If your criminal defense attorney is also a cannabis attorney, better be careful about any legal papers you get.
At one Pennsylvania jail, officials discovered inmates were smoking drug-infused legal documents. Fifteen employees got sick from the fumes.
As a result, the jail now strip-searches inmates after meeting with their lawyers. That's right, grass can be a pain in the ...
Marijuana is legal in many states, jails not so much. But legalization has spawned all kinds of marijuana products, including THC-infused rolling papers. Users typically get really buzzed.
Smoking drug-infused pleading papers, however, will get you really busted in Allegheny County Jail. Officers started the new strip-search policy because they couldn't figure out how inmates were getting the contraband.
According to reports, they thought it was being smuggled in through lawyer-visits and general inmate mail. The warden declined to discuss details with local media.
It's a problem all around the jailhouse, though. A correctional officer reportedly was suspended in the crack-down, and the inmates and lawyers obviously don't like it either.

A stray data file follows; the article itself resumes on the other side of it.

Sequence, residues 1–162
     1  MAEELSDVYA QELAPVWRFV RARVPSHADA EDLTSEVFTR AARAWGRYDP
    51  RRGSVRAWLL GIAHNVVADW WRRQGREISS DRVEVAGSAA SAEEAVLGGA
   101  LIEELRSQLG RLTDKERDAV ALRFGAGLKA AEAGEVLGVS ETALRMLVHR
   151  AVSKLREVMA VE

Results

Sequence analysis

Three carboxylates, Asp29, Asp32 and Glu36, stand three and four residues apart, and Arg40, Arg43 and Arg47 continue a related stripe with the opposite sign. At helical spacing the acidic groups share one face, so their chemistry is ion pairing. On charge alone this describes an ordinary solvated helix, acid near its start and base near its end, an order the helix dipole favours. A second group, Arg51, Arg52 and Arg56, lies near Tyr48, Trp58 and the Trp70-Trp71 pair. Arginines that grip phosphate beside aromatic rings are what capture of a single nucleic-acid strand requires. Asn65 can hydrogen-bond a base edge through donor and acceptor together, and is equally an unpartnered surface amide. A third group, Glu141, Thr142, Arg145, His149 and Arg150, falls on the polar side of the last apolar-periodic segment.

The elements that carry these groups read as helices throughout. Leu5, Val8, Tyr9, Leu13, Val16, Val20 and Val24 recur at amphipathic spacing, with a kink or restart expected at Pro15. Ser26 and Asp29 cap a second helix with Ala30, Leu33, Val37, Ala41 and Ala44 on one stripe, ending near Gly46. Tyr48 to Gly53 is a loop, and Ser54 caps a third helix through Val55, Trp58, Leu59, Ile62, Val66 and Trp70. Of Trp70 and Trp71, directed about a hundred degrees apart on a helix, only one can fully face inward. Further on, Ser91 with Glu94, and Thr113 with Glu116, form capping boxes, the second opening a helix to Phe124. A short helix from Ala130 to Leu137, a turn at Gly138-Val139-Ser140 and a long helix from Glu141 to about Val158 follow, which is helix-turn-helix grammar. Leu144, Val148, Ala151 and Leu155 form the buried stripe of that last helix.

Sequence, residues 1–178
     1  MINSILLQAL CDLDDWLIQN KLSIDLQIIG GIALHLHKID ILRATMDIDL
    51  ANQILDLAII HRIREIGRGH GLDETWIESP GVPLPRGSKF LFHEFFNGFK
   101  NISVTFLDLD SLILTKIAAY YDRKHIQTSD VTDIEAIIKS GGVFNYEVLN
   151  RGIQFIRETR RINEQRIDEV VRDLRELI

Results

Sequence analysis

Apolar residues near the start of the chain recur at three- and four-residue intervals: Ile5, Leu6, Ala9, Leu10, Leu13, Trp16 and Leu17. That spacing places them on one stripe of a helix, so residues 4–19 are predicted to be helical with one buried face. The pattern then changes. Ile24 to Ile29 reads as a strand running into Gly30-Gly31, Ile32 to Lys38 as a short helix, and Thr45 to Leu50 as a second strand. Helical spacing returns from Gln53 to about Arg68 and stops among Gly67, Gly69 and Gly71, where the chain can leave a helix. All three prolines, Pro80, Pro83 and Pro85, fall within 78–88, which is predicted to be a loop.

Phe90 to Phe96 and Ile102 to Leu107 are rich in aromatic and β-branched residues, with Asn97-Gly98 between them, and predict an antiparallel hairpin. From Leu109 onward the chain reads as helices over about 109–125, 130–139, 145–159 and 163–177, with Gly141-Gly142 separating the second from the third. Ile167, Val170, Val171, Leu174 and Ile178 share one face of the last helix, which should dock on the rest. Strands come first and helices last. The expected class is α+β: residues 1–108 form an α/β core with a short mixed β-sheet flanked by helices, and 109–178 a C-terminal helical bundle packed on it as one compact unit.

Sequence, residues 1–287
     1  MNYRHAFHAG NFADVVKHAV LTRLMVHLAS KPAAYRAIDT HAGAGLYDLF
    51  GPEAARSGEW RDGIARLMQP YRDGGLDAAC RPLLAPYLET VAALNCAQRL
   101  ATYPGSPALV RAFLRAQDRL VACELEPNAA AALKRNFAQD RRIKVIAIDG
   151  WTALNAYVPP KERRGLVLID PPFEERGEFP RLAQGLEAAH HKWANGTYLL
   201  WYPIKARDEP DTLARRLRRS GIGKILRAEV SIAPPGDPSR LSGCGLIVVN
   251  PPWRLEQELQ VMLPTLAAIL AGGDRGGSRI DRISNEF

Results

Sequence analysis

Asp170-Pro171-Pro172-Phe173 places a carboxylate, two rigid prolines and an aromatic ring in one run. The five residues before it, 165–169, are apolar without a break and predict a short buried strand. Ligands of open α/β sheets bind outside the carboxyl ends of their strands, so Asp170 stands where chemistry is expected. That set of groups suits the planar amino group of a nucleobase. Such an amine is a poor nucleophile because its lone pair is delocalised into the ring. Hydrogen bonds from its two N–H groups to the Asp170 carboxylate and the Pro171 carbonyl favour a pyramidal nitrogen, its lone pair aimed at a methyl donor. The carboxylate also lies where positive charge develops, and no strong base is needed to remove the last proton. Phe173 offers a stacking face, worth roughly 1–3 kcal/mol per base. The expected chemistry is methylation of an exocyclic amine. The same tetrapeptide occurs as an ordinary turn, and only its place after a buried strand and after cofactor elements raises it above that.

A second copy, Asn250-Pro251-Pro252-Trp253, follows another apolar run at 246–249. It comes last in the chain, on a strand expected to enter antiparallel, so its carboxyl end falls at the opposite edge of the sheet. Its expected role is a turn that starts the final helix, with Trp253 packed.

During strip searches, inmates remove all their clothing while officers probe their intimate body parts. Lawyers are not subjected to the invasive process, but they must alert jail officials if they have legal materials with them.
The Pittsburg Post-Gazettte said the protocol includes "looking for paper with stains, paper that looks like it was wet and has dried, and paper that smells like perfume or cotton candy." Apparently love letters are as suspicious as legal letters.
In the meantime, criminal defense and civil rights lawyers are weighing options. Angus Love, executive director of the Pennsylvania Institutional Law Project, says blanket strip searches are illegal without reasonable suspicion.
"You have to have something to go on," he said. "Doing it after an attorney visit is sort of in between. It's a gray area."